Also remarkable in light of women’s reluctance to ride where it feels unsafe, is that the rides are attracting more women than men, Owens said. He hopes that enticing new people to the activity will shift perceptions about who is biking and who biking is for. “Last week we had about 700 people,” Owens said. “Imagine what 700 young men and women could be doing if they weren’t biking. It’s such a positive thing. We’re teaching them something that’s healthy, fun, different.” To Battee, GetUpNRide’s success marks real progress. “When I started with social rides, in most cases I was the only black person,” she said.

Today, she sees a lot more company from people of color riding the city’s streets, to which she credits in part the rise in social bicycling groups. If current trends hold, real gains could be realized in engaging communities that have historically been left out of vital transportation policy conversations, said Naomi Doerner, who lives in New Orleans and is a nationally-recognized transportation equity strategist and planner.

Back outside the Hi-Ho as the riders were getting ready to take off, 32-year-old New Orleans lawyer Lacresha Wilkerson biked over on her rent-a-bike, acquired from one of multiple vendors out on location for the night’s event. She doesn’t own a bike of her own but was drawn to the ride after noticing the stream of colorful bicycles pedaling past her downtown apartment. “It seemed like a fun way to burn some calories,” she said. “And it’s exciting.”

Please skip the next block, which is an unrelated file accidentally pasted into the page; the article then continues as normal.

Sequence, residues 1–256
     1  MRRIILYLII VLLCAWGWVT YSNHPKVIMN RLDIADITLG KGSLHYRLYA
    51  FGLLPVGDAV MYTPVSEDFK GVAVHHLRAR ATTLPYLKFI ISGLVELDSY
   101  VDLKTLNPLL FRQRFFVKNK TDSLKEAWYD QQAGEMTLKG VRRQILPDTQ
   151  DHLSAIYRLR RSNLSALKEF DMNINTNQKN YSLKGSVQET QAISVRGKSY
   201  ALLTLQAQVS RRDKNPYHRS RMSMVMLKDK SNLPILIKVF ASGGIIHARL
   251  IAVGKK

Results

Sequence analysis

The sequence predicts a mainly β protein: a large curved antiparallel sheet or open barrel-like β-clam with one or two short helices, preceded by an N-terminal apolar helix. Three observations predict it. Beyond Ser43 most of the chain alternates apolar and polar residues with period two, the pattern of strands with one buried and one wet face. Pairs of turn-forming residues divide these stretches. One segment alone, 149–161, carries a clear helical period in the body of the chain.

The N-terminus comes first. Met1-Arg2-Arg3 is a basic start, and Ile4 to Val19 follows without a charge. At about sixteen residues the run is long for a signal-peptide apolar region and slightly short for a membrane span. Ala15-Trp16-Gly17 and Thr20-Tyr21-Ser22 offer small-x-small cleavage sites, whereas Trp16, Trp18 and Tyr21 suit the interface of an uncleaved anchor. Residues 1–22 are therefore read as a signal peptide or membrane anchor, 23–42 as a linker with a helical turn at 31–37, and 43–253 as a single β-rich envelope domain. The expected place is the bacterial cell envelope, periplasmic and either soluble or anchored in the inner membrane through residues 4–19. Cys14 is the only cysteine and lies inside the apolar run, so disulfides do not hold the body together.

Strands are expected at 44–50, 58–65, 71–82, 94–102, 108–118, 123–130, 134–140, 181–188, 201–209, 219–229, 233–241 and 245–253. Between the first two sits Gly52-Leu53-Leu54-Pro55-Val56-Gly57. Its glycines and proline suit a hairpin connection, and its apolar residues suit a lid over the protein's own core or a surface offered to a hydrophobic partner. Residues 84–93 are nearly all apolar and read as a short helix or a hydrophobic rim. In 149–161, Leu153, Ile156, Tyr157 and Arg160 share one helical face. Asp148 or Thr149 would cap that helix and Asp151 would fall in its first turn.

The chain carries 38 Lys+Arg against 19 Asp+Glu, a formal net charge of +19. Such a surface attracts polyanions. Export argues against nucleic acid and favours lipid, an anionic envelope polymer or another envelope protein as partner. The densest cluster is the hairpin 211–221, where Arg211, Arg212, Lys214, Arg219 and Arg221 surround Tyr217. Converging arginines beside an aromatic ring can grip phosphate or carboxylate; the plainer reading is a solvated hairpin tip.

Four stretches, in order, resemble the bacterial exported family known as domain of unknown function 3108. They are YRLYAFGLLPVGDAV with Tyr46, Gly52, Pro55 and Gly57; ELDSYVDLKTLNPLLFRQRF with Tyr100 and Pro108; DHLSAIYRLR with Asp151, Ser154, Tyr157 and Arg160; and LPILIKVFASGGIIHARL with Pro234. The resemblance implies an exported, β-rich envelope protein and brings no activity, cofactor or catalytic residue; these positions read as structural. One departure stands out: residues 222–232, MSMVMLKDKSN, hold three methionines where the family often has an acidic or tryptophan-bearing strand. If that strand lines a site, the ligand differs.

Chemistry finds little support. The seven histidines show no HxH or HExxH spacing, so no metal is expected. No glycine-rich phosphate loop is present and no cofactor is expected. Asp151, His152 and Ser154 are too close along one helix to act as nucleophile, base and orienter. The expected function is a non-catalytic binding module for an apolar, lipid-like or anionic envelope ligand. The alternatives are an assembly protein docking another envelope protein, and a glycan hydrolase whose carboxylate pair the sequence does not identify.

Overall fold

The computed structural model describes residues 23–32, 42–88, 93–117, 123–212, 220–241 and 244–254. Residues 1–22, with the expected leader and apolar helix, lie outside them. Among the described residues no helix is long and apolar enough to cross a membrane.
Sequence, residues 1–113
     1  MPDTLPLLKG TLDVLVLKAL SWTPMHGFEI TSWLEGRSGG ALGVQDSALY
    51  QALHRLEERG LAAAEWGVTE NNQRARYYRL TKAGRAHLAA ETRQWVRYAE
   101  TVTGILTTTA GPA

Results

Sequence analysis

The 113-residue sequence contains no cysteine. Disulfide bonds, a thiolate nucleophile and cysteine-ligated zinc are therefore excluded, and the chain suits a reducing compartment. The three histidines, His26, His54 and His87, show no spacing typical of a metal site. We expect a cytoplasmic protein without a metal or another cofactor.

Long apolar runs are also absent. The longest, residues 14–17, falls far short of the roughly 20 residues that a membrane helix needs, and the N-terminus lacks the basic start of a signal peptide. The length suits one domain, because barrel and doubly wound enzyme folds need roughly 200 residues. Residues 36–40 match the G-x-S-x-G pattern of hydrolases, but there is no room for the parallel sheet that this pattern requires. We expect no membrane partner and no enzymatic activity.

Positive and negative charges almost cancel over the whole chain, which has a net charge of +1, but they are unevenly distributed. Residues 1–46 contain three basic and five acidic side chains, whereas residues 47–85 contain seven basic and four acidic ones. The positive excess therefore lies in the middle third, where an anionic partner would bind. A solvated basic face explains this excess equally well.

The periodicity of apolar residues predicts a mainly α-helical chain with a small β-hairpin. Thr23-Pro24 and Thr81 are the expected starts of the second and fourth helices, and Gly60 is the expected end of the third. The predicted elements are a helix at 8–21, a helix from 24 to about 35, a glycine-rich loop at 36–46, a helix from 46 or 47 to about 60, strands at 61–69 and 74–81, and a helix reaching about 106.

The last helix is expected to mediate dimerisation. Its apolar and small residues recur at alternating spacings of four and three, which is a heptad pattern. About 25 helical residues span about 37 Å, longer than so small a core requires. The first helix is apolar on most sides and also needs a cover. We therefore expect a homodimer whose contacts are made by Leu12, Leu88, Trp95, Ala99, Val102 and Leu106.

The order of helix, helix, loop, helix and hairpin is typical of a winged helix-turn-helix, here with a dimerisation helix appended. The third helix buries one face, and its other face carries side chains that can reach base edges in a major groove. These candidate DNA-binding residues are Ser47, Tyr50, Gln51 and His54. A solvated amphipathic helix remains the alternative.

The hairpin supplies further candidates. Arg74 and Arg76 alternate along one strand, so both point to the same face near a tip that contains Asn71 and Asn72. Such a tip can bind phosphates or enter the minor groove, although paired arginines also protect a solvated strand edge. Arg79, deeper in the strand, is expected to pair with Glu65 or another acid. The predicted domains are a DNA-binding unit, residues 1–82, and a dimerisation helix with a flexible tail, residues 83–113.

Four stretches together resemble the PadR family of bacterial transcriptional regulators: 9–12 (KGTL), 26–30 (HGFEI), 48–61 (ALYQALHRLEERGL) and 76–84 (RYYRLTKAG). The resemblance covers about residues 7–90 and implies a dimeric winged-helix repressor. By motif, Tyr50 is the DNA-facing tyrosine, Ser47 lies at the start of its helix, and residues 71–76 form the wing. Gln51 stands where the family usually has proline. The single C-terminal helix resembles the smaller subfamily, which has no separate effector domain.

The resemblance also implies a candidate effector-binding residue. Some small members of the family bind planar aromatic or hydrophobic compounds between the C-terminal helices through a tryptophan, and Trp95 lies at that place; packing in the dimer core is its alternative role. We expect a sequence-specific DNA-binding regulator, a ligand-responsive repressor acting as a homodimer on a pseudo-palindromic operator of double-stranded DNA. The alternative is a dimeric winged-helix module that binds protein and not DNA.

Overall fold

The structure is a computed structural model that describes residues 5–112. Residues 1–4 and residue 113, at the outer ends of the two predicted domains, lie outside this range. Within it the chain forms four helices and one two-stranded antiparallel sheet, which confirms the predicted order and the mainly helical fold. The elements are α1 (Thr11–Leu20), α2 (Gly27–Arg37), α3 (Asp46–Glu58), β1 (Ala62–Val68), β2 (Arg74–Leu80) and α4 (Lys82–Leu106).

Derek McKay, a 56-year-old musician, wandered about in search of a patch to repair a busted tube that threatened to derail his ride. McKay had been participating in the rides for about a month. “It’s a Mardi Gras type atmosphere,” the New Orleans native grinned beneath his hat with the city’s football team logo on it. As he talked, the smoke from a BBQ grill wafted over from a nearby sidewalk, carrying the scents of oysters and hot dogs. McKay gestured over to his bike, propped against a rack next to a mound of others. “I paid $60 for that bike at the used bike store,” he shared. “But it’s got $350 worth of lights on it.”


Emilie Bahr is a writer and urban planner living in New Orleans. She is the author of the book Urban Revolutions: A woman’s guide to two wheeled transportation.